This year’s Labour Party conference was truly a turning point in the anti-austerity movement, writes Steve Turner. That day when I introduced Jeremy Corbyn on stage at the huge People’s Assembly march in June he was greeted like a rock star- so while many of us were optimistic about how his leadership campaign would unfold over the Summer I am not sure many of us guessed how successful it would be.
Securing an election mandate of nearly 60% is of course just the start. But on Monday conference listened to a Shadow Chancellor in John McDonnell who was putting forward the clear anti-austerity arguments and the alternative to what has been happening in this country. It is something that the People’s Assembly Against Austerity, the trade union movement and many, many others have been campaigning for and have laid the ground for. We have all been arguing for the deficit to be shrunk by dynamically growing our economy, not punishing people. Economic growth through investment that delivers for all our local communities, builds homes, provides good working standards, and action to tackle low pay and the gender pay gap – in short an economic policy that delivers for society. It has rightly been described by Richard Burgon MP and others as “the speech that changed everything”.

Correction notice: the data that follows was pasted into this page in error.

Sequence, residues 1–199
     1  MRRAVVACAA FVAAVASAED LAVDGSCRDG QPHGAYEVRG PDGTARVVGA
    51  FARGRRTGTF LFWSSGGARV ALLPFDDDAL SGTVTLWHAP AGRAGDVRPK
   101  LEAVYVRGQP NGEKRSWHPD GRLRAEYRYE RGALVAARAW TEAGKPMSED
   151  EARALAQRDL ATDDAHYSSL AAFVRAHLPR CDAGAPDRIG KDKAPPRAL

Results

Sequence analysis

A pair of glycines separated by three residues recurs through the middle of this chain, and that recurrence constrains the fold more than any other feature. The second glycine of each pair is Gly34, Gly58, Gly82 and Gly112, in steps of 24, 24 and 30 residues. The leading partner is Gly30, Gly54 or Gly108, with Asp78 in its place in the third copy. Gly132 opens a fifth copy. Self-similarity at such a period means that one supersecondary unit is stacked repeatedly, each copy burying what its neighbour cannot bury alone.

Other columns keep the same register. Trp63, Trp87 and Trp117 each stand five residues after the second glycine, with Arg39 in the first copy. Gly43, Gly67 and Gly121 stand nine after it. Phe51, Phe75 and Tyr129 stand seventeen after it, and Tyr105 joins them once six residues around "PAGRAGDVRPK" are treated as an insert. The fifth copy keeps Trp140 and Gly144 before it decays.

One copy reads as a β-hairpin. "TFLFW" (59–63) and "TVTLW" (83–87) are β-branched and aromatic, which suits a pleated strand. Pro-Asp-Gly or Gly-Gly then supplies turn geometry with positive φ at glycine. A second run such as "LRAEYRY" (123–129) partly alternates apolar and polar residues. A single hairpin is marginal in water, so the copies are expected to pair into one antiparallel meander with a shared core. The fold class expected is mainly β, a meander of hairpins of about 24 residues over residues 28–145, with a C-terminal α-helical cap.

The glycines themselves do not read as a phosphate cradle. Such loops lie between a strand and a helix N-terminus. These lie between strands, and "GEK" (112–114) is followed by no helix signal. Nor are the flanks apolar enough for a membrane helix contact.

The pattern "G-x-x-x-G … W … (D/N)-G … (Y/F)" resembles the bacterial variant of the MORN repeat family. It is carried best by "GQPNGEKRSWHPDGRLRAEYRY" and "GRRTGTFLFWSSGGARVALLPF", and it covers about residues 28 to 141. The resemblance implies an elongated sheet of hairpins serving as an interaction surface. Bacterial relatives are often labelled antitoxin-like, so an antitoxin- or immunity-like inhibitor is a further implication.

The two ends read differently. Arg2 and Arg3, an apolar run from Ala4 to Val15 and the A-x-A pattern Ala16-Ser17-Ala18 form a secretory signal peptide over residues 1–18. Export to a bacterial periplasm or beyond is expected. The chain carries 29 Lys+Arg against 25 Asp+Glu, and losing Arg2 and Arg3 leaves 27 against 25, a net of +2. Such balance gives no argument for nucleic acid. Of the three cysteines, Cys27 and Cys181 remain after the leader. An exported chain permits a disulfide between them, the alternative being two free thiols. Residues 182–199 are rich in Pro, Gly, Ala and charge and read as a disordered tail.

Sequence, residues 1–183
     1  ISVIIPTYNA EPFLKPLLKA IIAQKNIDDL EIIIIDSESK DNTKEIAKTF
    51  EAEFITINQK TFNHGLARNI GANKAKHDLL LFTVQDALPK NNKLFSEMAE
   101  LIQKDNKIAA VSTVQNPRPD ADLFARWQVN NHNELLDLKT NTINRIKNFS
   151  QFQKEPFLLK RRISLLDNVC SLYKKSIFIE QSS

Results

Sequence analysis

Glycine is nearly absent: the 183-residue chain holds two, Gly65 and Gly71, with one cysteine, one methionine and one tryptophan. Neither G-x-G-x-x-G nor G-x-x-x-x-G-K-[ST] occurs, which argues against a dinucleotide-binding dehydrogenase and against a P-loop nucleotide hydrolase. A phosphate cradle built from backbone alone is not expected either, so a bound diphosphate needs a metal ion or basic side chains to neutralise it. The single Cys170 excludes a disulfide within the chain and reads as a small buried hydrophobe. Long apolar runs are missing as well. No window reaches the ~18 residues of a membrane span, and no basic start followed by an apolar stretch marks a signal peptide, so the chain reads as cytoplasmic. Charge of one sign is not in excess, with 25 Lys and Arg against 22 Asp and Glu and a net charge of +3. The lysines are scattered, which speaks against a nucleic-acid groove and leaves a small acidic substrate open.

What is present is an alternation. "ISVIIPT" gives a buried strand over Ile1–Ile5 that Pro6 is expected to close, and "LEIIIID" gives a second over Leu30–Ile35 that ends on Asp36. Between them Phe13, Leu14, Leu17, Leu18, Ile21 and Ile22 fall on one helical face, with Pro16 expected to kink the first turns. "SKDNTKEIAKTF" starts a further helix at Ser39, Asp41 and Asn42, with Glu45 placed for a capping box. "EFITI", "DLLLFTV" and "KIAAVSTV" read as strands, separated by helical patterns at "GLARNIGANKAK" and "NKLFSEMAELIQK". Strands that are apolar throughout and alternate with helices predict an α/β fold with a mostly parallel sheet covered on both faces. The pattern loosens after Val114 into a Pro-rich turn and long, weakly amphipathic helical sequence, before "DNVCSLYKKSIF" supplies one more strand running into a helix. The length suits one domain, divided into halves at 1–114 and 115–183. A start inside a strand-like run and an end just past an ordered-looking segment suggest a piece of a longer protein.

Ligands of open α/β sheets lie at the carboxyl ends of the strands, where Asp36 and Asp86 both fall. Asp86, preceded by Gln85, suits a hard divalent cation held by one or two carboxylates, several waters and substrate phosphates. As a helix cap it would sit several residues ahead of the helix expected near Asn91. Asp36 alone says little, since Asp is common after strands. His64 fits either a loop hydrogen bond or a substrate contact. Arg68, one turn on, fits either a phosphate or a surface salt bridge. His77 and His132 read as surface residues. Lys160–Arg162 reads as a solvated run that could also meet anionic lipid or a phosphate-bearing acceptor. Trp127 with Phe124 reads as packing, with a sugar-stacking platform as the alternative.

Afterwards, in a large meeting room that was so packed many were turned away, I chaired the Labour Assembly Against Austerity – part of our wider People’s Assembly coalition – event. It was a platform for many of the new Shadow Ministers in one of the best conference fringe meetings for many years. Richard Burgon MP (Treasury), Cat Smith MP (Women and Equalities), Clive Lewis MP (Energy), Diane Abbott MP (International Development) and John McDonnell himself all spoke, alongside Owen Jones, Mark Serwotka, Katy Clark and Mark Steel. This was the People’s Assembly presence at the Labour party conference this year – hearing and seeing how Labour is being transformed by a mood of change, hope and optimism that policy in the future can be made by the communities it affects.
People left the meeting energised and committed to organising and building what my colleague Mike Hedges has rightly written is the birth of a new movement. It was of course followed up the next day with Jeremy Corbyn’s first speech as Leader – arguing not just for an end to austerity, but how we can build a better society. A tipping point has taken place, and now we need to rise to the challenge in supporting the new anti-austerity Labour leadership in the project to broaden out and deepen our alliances to make the whole of the anti-austerity movement stronger. The People’s Assembly and our campaigning were part of laying the foundations for what happened over the Summer and with the trade unions, such as my union Unite, we are going to continue to be at the heart of building the movement ahead.